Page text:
New questions surround its workers and what they are supposed to be doing when they are on the clock.
Metro-North is in a negative spotlight again amid new questions about the commuter rail line's workers and what they're doing when they're supposed to be on the clock.
An internal investigation found padded time sheets, including workers who took trips to Pennsylvania for cigarettes and fireworks while they were on the clock, according to The New York Times.
The New York Times, which first reported on the investigation, says the information is contained in a draft letter, dated Dec. 3, from Inspector General Barry Kluger.
Metro-North Spokesman Aaron Donovan released a statement Thursday saying the report "is a draft that was never delivered to Metro-North Railroad, so we cannot comment on its particular findings." But he said the rail system "has been working closely with the Inspector General during his investigation and will aggressively take appropriate disciplinary action when we receive a final report. "
"All Metro-North employees are expected to work a full day for a full day's pay. We will not tolerate any behavior that falls short of that standard. We are installing GPS on all our vehicles in response to an earlier report from the Inspector General, and we have also initiated a comprehensive review with both the Inspector General and MTA Auditor General to strengthen internal controls within Metro-North's Maintenance of Way department," he said.
Still, some commuters couldn't believe the scathing internal report released on Metro-North.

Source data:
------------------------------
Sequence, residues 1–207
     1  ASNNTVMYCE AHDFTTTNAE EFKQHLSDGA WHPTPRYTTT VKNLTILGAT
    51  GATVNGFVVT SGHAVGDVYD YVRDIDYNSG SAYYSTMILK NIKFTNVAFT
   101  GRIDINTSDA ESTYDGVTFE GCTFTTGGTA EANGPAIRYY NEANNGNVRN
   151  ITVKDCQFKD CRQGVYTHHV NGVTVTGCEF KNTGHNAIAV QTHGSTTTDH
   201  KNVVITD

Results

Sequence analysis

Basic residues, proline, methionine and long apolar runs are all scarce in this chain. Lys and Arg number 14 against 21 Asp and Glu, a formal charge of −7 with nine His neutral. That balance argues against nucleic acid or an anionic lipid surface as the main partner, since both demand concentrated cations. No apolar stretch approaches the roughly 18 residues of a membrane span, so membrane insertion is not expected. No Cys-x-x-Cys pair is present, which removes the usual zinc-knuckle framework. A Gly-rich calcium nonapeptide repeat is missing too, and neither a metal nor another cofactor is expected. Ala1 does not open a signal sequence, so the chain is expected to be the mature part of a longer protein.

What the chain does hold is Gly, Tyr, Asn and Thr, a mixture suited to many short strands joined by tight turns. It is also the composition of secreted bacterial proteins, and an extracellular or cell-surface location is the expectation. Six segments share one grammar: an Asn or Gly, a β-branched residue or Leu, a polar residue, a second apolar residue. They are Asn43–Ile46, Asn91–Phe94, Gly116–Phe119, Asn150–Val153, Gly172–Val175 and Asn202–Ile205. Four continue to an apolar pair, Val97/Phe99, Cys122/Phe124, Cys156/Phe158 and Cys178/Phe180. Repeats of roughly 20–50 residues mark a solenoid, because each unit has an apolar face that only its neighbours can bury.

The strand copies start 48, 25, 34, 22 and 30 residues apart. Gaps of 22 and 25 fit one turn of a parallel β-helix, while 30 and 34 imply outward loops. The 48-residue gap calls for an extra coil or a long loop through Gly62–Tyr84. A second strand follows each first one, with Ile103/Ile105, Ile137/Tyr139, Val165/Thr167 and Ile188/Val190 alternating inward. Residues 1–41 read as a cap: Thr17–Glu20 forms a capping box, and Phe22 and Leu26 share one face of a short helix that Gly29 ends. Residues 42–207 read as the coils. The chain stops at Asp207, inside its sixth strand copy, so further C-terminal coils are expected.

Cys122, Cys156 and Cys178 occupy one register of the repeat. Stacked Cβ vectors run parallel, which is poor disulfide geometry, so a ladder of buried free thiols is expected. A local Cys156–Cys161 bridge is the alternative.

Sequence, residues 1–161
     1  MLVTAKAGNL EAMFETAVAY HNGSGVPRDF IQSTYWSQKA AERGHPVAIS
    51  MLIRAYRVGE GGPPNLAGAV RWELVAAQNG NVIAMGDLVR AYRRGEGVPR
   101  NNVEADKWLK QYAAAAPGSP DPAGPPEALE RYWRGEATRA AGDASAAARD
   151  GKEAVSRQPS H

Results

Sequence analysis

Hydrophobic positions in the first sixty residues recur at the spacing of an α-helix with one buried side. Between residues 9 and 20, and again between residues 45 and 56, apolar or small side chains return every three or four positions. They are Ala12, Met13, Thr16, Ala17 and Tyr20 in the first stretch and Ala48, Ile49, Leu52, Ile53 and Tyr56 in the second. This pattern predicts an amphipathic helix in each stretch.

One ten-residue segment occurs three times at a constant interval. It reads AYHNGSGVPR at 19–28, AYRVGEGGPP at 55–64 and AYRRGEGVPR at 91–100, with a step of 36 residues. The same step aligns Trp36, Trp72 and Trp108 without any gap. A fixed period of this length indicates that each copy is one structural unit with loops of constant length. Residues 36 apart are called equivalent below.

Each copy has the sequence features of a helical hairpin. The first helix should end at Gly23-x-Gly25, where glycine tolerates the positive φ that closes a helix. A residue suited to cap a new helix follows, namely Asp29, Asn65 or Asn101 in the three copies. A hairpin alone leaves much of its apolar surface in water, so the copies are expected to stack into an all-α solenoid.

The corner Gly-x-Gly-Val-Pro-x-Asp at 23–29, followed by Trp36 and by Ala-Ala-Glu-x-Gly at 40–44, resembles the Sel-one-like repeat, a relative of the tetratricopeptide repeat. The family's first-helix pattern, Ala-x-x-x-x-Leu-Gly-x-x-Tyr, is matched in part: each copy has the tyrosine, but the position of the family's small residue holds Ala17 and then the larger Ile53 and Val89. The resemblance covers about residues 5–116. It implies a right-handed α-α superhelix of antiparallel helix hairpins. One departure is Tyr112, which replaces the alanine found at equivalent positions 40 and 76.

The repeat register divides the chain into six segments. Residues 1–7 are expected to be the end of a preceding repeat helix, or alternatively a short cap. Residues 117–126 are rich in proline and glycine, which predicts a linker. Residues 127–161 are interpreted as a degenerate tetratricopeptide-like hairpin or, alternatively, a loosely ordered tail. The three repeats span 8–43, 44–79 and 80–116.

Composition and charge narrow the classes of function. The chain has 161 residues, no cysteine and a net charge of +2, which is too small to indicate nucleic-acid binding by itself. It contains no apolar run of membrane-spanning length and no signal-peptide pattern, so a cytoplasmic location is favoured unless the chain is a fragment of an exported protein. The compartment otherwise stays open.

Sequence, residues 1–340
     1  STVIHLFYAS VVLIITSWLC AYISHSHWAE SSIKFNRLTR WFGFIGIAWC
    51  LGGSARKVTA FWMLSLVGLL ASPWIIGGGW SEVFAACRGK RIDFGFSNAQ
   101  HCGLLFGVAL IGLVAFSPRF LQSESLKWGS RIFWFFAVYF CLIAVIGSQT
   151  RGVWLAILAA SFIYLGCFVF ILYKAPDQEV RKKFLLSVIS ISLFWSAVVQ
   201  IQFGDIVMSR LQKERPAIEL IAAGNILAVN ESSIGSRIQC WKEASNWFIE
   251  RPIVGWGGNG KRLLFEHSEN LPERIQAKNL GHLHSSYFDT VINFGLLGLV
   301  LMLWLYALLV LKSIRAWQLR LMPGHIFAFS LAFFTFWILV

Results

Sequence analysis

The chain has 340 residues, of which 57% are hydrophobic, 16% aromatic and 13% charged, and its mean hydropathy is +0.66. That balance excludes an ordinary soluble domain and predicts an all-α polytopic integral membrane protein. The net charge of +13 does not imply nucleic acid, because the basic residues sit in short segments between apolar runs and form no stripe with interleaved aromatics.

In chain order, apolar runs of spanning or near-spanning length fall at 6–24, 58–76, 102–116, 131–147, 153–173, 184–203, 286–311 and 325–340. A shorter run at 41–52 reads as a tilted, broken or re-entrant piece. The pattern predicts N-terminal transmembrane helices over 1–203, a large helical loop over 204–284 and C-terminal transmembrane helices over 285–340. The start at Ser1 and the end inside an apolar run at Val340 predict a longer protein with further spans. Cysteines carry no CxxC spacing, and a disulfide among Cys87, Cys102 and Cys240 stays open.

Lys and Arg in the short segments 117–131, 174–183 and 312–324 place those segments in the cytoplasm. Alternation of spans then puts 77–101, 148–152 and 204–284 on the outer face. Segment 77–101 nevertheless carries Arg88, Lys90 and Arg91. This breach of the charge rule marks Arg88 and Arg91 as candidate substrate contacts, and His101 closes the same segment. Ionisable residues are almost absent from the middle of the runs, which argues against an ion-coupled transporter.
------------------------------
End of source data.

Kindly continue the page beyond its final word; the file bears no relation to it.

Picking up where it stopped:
"That's mismanagement no matter where it happened whether it happens at Metro North or a private company it's just mismanagement," said Melissa Ciotoli of Westport.
Mismanagement is just a small bit of what the inspector general uncovered, according to State Sen. Toni Boucher.
"This is using taxpayers money in a fraudulent way. Falsifying time sheets, public automobiles for private use," Boucher said.
Boucher is troubled by the apparent lack of oversight, especially at a time when safety is of an utmost concern to riders after a series of accidents, mostly recent the one in the Bronx in early December that left four dead.
"And it should not be tolerated. Not at all. People's heads need to roll with regards to something like this," said Boucher.
The investigation revealed one crew was driving aimlessly when they were supposedly doing overtime.
"As much as that sounds problematic I'm much more focused on the timeliness of the trains," said Sam Walker of Weston. Walker said he feels the trains have deteriorated in terms of service since the derailment in Bridgeport in May and a worker was struck and killed by a train in West Haven later the same month.
"You'd be kidding yourself if you're not a little more terrified each time you hear a bump or a turn or a twist," Walker added.